Moving the dumbbell across the body adds in shoulder adduction and while moving the dumbbell you need to resist the urge to twist your trunk. When performing the drag portion of the movement you’ll feel a line of tension run diagonally from the grounded hand moving down your midsection to your opposite leg.




This anti-rotational type of resistance during the dragging portion of the dumbbell will significantly enhance your core stability and will improve on your ability to actually perform other rotational movements better.



Glide Disc Push Up

This variation requires the use of a glide disc or a furniture disc mover that you can pick up at your local hardware store. With this push-up variation, you’re essentially going to be obtaining the benefit of performing a couple of different movements within a single push up.


To execute this one you’ll want to place one hand on the ground and one on the disc. As you descend into the base of the push up you’ll want to actively slide the disc hand above your head bringing your shoulder into flexion.


As you ascend back up you’ll want to push with the grounded hand while pulling the disc back in front of your body bringing you back into the upright starting position for the movement. This is where you’re essentially performing a push and pull type of movement within a single push up.



Of course, you can add in additional variation with the movement by sliding the disc out to the side and abducting your shoulder as you descend into the base of the push-up. The glide disc is going to force you into performing the movement with a high level of controlled tension. Believe me, these are a lot more challenging than they appear.



Plank to Push Up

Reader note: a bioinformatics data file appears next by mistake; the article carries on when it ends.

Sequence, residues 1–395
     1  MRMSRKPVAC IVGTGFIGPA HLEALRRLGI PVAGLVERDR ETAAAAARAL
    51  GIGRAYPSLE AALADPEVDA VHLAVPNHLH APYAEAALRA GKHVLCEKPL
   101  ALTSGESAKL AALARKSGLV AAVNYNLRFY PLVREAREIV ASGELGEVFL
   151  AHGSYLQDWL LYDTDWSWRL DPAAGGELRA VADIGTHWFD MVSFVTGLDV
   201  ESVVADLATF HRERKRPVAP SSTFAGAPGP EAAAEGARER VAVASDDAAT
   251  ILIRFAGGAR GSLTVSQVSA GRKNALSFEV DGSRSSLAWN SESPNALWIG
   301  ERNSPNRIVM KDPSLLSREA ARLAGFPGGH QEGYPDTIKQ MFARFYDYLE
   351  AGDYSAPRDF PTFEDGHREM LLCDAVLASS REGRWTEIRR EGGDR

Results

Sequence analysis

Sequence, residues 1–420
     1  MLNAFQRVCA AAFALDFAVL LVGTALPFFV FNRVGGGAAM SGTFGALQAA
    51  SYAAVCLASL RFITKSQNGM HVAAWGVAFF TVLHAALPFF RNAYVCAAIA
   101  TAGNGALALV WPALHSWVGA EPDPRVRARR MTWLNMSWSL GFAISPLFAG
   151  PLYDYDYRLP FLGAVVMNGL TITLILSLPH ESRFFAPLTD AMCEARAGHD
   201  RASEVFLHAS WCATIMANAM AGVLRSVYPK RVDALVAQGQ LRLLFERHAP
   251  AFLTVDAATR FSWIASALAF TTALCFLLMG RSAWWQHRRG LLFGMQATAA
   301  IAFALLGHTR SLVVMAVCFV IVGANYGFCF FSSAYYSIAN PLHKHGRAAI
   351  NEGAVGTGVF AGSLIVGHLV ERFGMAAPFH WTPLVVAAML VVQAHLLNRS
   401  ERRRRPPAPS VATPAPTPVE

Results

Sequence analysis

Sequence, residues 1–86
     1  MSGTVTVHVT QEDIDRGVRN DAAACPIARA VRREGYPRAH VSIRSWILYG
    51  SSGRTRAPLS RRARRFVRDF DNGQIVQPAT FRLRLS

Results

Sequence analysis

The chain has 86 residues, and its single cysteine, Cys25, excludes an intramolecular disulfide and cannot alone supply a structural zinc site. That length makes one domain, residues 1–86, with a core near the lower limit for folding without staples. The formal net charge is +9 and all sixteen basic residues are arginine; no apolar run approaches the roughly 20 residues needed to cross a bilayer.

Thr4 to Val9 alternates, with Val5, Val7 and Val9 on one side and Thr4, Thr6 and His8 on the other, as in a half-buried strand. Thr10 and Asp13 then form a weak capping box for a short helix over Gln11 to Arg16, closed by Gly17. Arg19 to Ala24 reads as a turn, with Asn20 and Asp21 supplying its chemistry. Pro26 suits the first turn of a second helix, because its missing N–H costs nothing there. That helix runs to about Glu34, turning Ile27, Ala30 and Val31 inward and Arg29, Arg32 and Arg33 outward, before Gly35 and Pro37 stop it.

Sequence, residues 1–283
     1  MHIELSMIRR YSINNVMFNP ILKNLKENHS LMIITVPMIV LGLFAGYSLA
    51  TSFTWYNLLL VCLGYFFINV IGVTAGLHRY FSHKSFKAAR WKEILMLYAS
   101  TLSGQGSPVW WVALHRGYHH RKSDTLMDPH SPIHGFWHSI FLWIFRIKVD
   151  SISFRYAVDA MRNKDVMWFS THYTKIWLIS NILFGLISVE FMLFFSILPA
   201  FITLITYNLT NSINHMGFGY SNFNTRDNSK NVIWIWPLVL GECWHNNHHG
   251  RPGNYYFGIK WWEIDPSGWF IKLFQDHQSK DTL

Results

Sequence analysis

I will warn you that this one is probably the most advanced variation of this article. This unique push up variation is a beast.


By starting this push up from the plank position it automatically makes performing the movement tremendously more challenging. The reason for this is because you’re already restricted on leverage and for building much momentum to sprint yourself from the plank position up onto your fists to perform the push-up portion of the movement.


To execute this one you want to start out in the plank position resting on your forearms. Next, you’ll want to rock your chest forward bringing your chest out over your forearms.


From here you want to create what momentum and strength you can to spring up out of the plank and up onto your fist bringing your body into an upright push up position. From here, simply complete the movement by performing a standard push up on your knuckles. These are great for everyone but can do wonders for advanced martial arts and fighting athletes.



The Takeaway

At the end of the day when it comes to building real-world fitness and strength, you’ve got become proficient with the push-up. The good news is that once you can do them, you can readily ratchet up that intensity by varying and building off of the foundation of that movement with some additional drills.


Challenge yourself with these and I guarantee you’ll transform your strength and conditioning. What type of push up variations are you including in your training at the moment? Post and share here. If you need additional help please make sure to visit my profile and website. I’d be glad to help.